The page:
That will force the metal pretty much into the shape of the
depression. (I use a roller bearing from the roller path of a 5
inch 38 gun mount… you probably can’t get one of those in Sitka
either, so you’ll have to improvise). When the ingot thus formed is
solidified, pop it out and quench it. I don’t know if it’s
necessary, but at this point I anneal the ingot and then proceed
with the rolling, drawing or whatever.Hope this works for you as it
does for me. Jerry in Kodiak


#3
 Smith=AE Little Torch=99 Propane/Oxygen Outfit Rio Grande now
offers this new kit, which accommodates both propane and oxygen gas
use. The five-pound propane tank easily refills at your local
pro-pane station. The steel carrier holds the tanks secure next to
the bench. The outfit includes: a five-pound propane tank; five
tips (#3-#7); 20-cubic-foot oxygen tank with stainless steel
carrier; Smith=AE propane and oxygen regulators; and the Little
Torch=99 with two six-foot hoses. Jewelers may call (800) 545-6566
from the U.S., (800) 253-9738 from Canada, or (505) 839-3011 from
all other countries. Or, fax (800) 965-2329, e-mail
info@riogrande.com, or visit www.riogrande.com 

Sounds like there’s no ‘specialness’ to it’s propane, also it quotes
five tips as opposed to one. Since many have recommended this
product, how do they find it’s fared in casting? All the casting
I’ve done to date is with pure propane tanks, we tend to have two or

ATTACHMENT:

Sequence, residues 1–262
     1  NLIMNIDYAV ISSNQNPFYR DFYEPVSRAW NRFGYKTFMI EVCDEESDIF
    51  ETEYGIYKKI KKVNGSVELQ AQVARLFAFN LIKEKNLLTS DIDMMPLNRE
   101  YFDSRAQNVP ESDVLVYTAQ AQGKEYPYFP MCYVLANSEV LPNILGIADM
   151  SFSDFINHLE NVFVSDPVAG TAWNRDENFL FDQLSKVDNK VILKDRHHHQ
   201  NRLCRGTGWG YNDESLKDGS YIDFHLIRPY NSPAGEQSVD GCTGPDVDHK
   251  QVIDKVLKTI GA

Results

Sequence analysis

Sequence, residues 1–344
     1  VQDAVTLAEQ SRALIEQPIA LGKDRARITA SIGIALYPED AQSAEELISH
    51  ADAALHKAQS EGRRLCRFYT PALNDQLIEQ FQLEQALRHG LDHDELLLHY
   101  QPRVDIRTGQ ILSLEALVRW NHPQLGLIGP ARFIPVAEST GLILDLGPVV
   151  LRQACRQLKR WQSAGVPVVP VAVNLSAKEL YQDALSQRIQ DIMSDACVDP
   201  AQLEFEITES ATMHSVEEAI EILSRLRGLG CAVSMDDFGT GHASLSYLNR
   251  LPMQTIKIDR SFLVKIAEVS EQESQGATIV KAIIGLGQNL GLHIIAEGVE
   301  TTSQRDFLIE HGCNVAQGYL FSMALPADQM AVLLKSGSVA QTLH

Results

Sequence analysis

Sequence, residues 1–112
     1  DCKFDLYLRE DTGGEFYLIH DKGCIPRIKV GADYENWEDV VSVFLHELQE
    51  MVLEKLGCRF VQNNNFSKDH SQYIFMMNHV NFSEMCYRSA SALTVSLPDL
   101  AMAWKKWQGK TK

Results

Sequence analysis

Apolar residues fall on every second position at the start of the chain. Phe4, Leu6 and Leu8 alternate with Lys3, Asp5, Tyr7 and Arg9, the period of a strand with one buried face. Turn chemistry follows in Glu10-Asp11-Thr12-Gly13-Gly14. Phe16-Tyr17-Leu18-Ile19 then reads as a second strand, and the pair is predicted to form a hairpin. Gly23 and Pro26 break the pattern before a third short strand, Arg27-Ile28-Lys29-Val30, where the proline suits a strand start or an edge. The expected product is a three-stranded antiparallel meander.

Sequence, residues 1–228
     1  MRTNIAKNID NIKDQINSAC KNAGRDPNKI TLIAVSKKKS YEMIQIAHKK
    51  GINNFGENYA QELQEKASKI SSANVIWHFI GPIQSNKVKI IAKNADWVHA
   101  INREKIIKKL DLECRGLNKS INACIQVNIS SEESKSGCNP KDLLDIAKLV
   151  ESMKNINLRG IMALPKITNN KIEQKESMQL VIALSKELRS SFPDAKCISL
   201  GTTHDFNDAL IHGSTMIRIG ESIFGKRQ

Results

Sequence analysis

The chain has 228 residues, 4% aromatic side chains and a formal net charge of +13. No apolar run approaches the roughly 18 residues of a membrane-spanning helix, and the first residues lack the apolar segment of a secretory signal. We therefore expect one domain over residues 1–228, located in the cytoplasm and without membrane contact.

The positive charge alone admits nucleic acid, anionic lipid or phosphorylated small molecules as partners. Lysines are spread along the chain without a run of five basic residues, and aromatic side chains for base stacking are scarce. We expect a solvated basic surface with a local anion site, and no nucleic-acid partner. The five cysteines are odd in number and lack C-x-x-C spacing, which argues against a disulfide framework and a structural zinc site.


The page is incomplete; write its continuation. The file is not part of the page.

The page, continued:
three in use to heat the crucible and melt the silver, so with the
Little Torch=99 is more than one torch required?

The New Brunswick College of Craft and Design under Ken Valen
recommends prepping your crucibles with borax first. You bring it
to a red heat, toss in some borax and repeat until you cover the
inner surface of the crucible (if you contaminate the crucible with
too much solder or what have you bringing it to a heat and scrapping
out the offending pieces and re-prepping is the recommended fix).
We bring the crucible to a good heat, toss in your pieces of
sterling, a bit of borax and swish it about, when sand casting (or
cuttlefish) for example you keep the silver under heat until the
last moment, poor in a fluid motion, and so long as your mold
doesn’t go against the gravity the vertical casting should turn out.
The longer the distance the molten silver has to travel the greater
the chance of it getting caught up and consequently not going
anywhere. Making a few air vents may also help, never had to in
sand casting, always did with cuttlefish bone. Hope this help.

David
Fredericton, New Brunswick, Canada


#4